Not All Paths Are Paved: The Role of Social Networks on Ageing Non-EU Migrants' Economic Incorporation

Sunday, 10 July 2016: 11:15
Location: Hörsaal 11 (Juridicum)
Oral Presentation
Jonnabelle ASIS, University of Brescia, Italy
Demographic changes brought about by improved life expectancies, decreasing fertility rate, and increasing migration to more developed countries all happen within the context of growing social inequality. Against this background, it becomes important to study the situation of the ageing migrant who encounters a double jeopardy: dealing with social consequences of relocating to a new country, and renewed insecurity and risks that accompany the ageing process.

Taking the meso-level analysis of the social network approach, the research investigates the extent social networks play in enhancing or inhibiting economic incorporation. Strong ties based on homophily are fundamental to access information and various resources for migrants, but can also constrain access to more diverse information and resources (which weak ties can bring) since they serve more bonding than bridging function. While networks play a positive role of offering employment possibilities, they also restrict them to the same labour market. Through social network analysis, the study seeks to answer which network typologies give rise to certain types of work trajectories/histories.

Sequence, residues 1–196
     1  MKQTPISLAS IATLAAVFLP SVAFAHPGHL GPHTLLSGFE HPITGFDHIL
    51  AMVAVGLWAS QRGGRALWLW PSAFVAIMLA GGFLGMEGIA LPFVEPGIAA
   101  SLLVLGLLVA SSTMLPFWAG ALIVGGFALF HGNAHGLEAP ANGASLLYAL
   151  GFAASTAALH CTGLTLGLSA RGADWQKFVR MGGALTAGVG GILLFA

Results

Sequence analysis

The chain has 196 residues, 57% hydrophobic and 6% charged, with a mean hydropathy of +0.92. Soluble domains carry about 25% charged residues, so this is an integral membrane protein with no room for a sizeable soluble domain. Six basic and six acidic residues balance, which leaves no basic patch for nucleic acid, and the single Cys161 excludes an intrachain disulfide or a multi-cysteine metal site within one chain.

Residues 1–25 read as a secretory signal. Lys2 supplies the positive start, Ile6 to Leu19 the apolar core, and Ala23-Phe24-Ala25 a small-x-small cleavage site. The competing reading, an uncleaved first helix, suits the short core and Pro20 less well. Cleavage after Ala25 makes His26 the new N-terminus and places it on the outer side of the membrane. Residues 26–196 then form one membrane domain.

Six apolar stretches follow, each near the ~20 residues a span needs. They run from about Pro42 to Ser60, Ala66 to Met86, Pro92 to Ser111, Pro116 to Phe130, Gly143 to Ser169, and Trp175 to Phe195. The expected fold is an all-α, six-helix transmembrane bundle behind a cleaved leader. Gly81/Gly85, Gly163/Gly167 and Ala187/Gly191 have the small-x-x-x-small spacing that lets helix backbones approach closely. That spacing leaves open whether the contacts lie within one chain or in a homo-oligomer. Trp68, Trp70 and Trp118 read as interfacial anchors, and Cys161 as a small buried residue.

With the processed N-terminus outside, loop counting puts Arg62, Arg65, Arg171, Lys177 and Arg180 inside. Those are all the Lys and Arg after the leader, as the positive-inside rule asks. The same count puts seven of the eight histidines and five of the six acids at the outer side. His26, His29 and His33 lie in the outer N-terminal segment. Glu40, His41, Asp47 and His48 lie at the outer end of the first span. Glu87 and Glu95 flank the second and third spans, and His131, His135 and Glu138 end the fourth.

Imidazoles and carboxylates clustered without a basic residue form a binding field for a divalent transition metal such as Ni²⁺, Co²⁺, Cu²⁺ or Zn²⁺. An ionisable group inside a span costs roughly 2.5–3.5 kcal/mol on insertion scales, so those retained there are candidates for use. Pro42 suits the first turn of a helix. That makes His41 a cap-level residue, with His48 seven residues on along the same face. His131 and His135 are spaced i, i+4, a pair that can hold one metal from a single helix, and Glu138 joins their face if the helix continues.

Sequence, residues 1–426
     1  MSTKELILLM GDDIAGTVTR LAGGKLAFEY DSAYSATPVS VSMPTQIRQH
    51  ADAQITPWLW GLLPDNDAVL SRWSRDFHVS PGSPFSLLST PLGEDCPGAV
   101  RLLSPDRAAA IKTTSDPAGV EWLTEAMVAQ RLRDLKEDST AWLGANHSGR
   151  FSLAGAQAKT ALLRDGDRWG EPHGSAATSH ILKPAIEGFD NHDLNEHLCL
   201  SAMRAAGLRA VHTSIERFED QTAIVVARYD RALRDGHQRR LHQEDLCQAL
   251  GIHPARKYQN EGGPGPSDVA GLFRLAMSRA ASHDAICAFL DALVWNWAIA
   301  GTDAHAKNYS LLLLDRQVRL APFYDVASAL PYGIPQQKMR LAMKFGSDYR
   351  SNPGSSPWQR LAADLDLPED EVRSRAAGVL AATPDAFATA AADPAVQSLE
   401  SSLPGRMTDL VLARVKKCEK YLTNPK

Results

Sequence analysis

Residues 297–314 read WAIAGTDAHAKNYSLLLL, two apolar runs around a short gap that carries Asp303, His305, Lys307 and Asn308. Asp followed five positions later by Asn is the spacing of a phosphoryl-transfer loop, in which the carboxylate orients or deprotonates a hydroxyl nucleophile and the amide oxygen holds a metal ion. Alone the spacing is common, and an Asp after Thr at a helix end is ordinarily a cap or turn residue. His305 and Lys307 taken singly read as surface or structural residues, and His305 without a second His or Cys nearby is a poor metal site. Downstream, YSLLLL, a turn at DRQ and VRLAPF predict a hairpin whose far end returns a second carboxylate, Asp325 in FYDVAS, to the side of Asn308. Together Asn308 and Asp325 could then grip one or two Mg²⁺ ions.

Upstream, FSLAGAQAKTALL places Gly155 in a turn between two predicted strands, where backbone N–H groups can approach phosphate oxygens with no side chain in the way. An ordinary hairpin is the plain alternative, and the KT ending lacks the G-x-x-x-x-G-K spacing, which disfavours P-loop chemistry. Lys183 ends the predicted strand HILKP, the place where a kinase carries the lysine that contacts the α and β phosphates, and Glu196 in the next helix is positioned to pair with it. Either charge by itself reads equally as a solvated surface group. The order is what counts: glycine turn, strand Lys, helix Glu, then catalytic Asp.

The retrospective longitudinal data comes from face-to-face egocentric network surveys and qualitative interviews of 105 non-EU migrants, 50 years old and above, and residing in Brescia. Brescia is an important field site since it is one of the Italian cities which has a good number and diversity of migrants, ranking fourth in terms of the number of migrants, after Rome, Milan, and Torino. While the social network component captures the respondent’s job search history and persons who helped them land the job throughout their working life, as well as their social support network, the narratives will provide context regarding their migration and work experience, and a zooming in on the process of network formation, and the factors and circumstances explaining the direction of the paths.